The vorticity budget of developing typhoon Nuri (2008) New Mexico Tech, Socorro, New Mexico, USA
Received: 20 April 2010 – Published in Atmos. Chem. Phys. Discuss.: 02 July 2010 Abstract. The formation of west Pacific tropical cyclone Nuri (2008) was observed
over four days from easterly wave to typhoon stage by aircraft using
scanning Doppler radar and dropsonde data. This disturbance developed
rapidly in a significantly sheared environment. In spite of the shear,
overlapping closed circulations existed in the frame of reference
of the storm in the planetary boundary layer and at 5 km elevation,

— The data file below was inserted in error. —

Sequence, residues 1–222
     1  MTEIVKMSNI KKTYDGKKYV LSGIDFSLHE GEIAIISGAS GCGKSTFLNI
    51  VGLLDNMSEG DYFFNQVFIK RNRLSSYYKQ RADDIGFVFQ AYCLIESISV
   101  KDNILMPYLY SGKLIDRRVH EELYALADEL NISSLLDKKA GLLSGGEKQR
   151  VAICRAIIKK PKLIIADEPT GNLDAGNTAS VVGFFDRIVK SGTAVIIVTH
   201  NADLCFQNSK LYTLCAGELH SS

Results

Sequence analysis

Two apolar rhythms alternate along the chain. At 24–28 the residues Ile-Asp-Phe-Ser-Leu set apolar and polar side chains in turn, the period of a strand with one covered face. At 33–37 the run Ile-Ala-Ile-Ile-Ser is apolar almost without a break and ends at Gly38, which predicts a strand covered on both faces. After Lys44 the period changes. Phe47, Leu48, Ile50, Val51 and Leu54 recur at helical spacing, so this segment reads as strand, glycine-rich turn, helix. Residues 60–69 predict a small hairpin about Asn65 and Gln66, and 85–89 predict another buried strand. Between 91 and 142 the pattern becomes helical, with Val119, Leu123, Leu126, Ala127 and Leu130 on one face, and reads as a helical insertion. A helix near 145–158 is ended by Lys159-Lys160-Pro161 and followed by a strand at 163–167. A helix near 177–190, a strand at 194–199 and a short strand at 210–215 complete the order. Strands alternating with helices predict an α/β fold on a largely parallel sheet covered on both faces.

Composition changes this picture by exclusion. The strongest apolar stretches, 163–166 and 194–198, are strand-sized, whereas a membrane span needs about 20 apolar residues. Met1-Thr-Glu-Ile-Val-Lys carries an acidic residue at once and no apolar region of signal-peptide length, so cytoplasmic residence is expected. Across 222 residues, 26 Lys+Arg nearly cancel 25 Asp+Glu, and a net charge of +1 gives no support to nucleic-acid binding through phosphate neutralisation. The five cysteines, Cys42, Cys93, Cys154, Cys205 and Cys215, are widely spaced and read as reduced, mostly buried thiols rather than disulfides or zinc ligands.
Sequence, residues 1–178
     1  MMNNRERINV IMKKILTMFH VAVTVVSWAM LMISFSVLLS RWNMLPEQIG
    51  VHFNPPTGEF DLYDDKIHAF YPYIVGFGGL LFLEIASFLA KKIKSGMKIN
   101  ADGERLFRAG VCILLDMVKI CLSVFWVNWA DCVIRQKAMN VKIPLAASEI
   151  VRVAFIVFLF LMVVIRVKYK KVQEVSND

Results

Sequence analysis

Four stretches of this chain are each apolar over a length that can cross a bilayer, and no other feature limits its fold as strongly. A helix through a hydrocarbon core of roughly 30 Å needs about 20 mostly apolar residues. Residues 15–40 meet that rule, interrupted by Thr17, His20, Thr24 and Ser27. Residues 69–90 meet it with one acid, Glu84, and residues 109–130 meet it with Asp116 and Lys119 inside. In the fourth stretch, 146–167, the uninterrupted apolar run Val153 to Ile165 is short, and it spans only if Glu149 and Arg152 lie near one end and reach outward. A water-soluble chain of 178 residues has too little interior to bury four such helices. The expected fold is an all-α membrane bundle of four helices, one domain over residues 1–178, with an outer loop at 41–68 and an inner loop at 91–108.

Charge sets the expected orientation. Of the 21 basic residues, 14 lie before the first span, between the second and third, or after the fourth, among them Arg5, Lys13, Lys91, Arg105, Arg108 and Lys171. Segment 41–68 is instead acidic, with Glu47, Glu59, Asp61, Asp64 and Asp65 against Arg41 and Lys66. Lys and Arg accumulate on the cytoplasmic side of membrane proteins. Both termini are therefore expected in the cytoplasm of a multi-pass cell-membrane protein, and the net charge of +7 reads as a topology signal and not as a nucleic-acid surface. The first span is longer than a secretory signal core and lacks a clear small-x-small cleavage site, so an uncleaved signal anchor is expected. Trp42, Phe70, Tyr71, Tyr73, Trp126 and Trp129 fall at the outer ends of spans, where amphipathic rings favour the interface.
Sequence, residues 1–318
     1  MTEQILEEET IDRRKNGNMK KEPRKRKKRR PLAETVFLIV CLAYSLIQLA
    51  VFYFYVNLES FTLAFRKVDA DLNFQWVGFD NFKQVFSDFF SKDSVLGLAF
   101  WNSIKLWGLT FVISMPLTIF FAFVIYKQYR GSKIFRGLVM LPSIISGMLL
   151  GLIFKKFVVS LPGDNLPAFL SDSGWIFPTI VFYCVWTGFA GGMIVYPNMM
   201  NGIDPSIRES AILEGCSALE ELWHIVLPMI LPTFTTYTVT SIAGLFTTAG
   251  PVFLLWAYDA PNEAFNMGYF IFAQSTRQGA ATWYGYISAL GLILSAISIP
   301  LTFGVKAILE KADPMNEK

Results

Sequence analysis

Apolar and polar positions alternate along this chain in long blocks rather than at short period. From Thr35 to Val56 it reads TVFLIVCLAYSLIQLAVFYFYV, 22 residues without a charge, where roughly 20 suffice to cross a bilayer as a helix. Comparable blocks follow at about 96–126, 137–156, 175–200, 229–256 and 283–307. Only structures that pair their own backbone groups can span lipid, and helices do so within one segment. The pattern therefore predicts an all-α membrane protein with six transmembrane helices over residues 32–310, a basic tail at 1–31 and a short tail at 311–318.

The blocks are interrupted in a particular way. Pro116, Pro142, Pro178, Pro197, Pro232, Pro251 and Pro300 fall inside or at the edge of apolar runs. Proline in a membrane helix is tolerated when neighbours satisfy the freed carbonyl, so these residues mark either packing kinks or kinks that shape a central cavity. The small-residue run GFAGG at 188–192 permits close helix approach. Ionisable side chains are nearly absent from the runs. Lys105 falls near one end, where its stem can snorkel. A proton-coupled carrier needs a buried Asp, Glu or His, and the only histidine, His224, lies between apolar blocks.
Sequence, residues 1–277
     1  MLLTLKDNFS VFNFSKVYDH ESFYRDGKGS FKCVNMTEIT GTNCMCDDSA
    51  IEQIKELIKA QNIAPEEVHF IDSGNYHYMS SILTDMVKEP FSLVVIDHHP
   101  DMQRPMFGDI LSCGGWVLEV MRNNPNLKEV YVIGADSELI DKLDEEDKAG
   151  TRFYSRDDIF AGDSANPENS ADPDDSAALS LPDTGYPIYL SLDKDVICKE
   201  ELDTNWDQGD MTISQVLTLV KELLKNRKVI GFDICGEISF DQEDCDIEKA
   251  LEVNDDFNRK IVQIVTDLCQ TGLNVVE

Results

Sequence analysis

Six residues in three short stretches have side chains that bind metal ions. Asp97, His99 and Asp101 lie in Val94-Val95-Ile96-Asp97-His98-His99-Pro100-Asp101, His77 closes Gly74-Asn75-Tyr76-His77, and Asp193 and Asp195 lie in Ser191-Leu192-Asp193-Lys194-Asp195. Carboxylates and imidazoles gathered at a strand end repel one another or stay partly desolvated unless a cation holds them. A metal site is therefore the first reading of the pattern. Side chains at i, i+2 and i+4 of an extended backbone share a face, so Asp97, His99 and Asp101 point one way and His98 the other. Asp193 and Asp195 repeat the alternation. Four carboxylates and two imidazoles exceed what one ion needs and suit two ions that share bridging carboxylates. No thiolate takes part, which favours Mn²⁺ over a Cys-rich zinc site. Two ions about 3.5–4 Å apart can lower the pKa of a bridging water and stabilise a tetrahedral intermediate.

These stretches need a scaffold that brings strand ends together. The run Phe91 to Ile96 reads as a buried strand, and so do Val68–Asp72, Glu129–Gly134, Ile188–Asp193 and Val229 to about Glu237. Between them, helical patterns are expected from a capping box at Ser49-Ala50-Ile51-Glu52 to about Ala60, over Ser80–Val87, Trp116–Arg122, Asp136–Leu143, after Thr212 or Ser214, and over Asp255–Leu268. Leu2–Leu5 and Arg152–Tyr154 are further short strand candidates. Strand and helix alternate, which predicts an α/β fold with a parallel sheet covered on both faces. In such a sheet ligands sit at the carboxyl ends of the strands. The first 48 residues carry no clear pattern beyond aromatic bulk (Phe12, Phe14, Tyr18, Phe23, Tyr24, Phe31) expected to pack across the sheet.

providing a deep region protected from environmental influences. The
rapid spinup of Nuri can be attributed to the strong increase with
height at low levels of the vertical mass flux during and after the
tropical depression stage, and the correspondingly strong vorticity
convergence in the planetary boundary layer. As Nuri developed, convective
regions of boundary layer vortex stretching became fewer but more
intense, culminating in a single nascent eyewall at the tropical storm
stage. A non-developing tropical wave case was also analyzed. This
system started with much weaker circulations in the boundary layer
and aloft, leaving it unprotected against environmental intrusion.
This may explain its failure to develop.
Revised: 23 November 2010 – Accepted: 10 December 2010 – Published: 10 January 2011
Citation: Raymond, D. J. and López Carrillo, C.: The vorticity budget of developing typhoon Nuri (2008), Atmos. Chem. Phys., 11, 147-163, doi:10.5194/acp-11-147-2011, 2011.